University students at both the U of M and the University of Winnipeg are signing an online petition for “student compensation” for what the petition says are the problems brought by online learning.
As of press time Monday, the petition has garnered 7,465 signatures, almost reaching the 7,500 goal.
The petition was started by Umar Awan, a first-year political science student at the U of W.
He said the goals of the petition are to get universities to try and reduce tuition costs and provide more support in completing online assignments.
He wrote in the petition that he believes “professors think that online courses are much easier than in-person classes,” and that they “should be more understanding and give us more upload time than we are already receiving.”
At the same time, U of M professors, faculty and staff have brought forward concerns regarding their own workload and mental health to the university.
In the latest senate meeting, the University of Manitoba Faculty Association (UMFA) vice-president and assessor Orvie Dingwall said “student enrolment has increased significantly from last year.
“The move to online instruction has created a significant increase of workload for teaching faculty.”
She went on to ask, “what supports is administration providing to reduce this strain and prevent burnout?”
For teaching faculty, the university said they provided faculty consultations, along with resources and supports in video editing, recording and course development processes.
Mental health and well-being supports were made available to the faculty.
The petition is circulating at the same time UMFA took a vote to strike against the university’s refusal to participate in the salary reopener of the collective agreement.
Union members are expressing their frustrations with not only a lack of support from their employers but also the legal contract and constitutional violations regarding wages.
After the strike in 2016, UMFA’s rules adhered to the Public Services Sustainability Act (PSSA), which limited salaries for workers in the public sector but, in June, the act was deemed “unconstitutional.”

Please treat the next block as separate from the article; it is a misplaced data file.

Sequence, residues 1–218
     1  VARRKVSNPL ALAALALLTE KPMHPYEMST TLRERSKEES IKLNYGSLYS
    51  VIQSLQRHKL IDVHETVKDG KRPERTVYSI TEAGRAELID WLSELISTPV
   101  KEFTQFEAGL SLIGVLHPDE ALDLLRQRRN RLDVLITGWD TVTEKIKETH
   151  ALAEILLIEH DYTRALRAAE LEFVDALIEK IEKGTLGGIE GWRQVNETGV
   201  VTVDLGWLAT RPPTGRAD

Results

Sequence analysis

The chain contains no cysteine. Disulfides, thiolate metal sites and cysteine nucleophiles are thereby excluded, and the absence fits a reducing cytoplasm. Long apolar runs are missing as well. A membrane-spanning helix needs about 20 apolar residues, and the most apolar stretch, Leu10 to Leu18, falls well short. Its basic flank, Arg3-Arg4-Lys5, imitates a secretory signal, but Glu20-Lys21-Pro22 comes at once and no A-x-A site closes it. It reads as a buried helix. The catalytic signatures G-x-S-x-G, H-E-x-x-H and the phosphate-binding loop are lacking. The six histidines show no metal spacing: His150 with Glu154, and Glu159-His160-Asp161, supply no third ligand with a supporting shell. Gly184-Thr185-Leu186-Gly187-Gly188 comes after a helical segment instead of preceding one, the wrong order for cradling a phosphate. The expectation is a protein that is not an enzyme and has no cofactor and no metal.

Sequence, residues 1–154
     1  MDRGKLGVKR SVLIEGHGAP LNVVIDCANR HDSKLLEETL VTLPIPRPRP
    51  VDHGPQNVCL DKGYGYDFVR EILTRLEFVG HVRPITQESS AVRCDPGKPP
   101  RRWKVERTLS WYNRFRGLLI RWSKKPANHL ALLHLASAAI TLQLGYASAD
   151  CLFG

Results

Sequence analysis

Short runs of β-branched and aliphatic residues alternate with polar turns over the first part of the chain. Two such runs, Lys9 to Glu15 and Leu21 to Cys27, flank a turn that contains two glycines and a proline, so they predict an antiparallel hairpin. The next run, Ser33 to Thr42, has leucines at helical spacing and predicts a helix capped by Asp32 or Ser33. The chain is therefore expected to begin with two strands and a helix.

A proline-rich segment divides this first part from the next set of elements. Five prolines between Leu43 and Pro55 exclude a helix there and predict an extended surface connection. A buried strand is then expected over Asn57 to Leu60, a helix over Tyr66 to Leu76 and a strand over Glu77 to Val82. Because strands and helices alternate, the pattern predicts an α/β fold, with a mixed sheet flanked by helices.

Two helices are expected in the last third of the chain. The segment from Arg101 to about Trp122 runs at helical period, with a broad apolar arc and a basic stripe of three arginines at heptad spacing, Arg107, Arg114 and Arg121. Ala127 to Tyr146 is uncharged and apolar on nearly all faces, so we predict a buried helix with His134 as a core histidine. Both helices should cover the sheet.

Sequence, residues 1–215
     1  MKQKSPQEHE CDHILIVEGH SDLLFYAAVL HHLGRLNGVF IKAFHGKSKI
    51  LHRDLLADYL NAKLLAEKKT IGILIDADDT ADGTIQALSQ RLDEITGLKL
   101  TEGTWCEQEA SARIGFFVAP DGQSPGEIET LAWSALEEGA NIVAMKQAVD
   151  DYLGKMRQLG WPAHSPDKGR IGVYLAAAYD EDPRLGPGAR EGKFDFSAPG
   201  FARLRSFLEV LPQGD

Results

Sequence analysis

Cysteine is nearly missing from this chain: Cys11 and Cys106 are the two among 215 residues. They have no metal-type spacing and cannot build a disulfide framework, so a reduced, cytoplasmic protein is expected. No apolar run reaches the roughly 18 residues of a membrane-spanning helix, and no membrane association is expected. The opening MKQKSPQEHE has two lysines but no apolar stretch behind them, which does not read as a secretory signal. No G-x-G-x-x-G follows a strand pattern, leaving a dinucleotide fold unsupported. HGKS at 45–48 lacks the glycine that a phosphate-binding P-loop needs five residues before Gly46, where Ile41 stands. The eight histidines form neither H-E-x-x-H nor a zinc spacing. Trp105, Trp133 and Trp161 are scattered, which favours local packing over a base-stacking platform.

Since that declaration, the university has granted union members a zero per cent wage increase, which is in line with the provincial mandate released this past August, and is refusing to negotiate on the issue.
All while this is happening, the university had to face a budget cut of five per cent, or $17.3 million, four percentage points more than was expected this year, related to the pandemic.
In July, deputy provost (academic planning and programs) Todd Mondor, who developed the tuition plan, said the 3.75 per cent tuition increase was necessary as “a last resort” to be able to continue to financially support the university.
Awan’s petition aims to reduce those tuition increases and loosen assignment deadlines to help students’ mental health and emphasizes what he calls the irony that “professors tend to talk about mental health.”
He requests that the presidents “talk with the professors about mental health and then provide us with a solution to reduce our stress and reduce [our] screen time,” and hopes to achieve those goals by the end of the fall term.
So far, he has reached out to both the University of Manitoba Students’ Union and the University of Winnipeg Students’ Association but has contacted no members of faculty or administration at either institution.
— with files from Cam Cannon